On some occasions, following an investigation, a scheme has been set up to compensate the victims of the episode or conduct which was under investigation at the inquiry. The following are examples of such compensation schemes:

  • The Hepatitis Compensation Tribunal was set up in 1995. It provides compensation to those infected with Hepatitis C or HIV as a result of the use of Human Immunoglobulin Anti-D or as a result of the receipt of a blood transfusion or blood product within the State.
  • The Residential Institutions Redress Board was established in 2002. It was set up to compensate those who, as children, were abused while resident in industrial schools, reformatories and other institutions subject to State regulation or inspection.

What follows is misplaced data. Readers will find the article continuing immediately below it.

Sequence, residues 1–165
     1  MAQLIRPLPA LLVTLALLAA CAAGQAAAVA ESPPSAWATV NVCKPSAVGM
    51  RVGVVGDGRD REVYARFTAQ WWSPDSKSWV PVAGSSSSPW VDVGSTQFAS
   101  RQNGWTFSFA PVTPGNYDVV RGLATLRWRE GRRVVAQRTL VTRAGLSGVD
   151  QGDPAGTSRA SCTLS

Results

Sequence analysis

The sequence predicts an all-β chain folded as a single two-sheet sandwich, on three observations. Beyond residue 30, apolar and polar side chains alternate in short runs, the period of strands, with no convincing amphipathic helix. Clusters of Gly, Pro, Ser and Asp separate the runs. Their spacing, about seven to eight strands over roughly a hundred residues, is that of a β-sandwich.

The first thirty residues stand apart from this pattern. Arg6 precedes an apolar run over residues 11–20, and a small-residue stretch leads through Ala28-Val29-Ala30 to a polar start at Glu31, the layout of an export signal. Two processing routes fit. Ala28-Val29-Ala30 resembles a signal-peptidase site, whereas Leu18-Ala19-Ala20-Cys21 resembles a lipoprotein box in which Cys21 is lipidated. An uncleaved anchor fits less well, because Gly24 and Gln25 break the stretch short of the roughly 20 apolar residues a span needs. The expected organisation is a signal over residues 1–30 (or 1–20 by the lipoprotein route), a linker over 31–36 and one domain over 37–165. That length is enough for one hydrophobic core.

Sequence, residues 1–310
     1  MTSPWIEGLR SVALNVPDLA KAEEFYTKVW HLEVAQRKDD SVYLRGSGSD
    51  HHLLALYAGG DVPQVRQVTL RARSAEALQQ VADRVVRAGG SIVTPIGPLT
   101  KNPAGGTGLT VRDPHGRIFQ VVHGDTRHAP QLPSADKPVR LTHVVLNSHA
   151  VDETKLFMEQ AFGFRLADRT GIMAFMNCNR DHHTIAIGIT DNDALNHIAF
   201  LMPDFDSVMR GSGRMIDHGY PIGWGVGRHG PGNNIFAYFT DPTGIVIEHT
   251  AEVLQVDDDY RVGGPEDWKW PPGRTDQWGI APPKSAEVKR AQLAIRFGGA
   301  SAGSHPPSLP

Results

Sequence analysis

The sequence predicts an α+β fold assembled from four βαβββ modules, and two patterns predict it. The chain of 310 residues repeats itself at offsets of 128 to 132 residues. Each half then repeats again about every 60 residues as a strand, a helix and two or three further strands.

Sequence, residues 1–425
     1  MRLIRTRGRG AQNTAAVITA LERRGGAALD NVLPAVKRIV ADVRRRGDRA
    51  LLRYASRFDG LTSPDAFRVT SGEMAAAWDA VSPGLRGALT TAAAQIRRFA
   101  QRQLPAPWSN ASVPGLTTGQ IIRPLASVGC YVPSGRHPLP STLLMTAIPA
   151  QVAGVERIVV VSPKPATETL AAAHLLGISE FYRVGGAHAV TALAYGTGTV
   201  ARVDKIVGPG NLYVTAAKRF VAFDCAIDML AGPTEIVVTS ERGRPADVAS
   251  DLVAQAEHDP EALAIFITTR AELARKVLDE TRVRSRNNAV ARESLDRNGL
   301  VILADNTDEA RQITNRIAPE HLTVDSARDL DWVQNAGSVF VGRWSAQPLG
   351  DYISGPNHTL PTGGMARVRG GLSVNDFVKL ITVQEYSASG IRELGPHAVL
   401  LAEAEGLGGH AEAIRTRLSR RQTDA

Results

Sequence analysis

• Caranua was established in 2013 under the Residential Institutions Statutory Fund Act 2012 to help those who experienced abuse in residential institutions and have received settlements through the Residential Institutions Redress Board or the courts.
  • The Symphysiotomy Payment Scheme was set up in 2014 to provide ex-gratia payments to women who underwent a surgical symphysiotomy or a pubiotomy in any hospital in the State between 1940 and 1990.

Bodies with specialised investigative powers

There is a range of specialised legislation regulating particular sectors, such as the Companies Act 2014, which provide for investigations. The following are some examples:

Page edited: 31 August 2021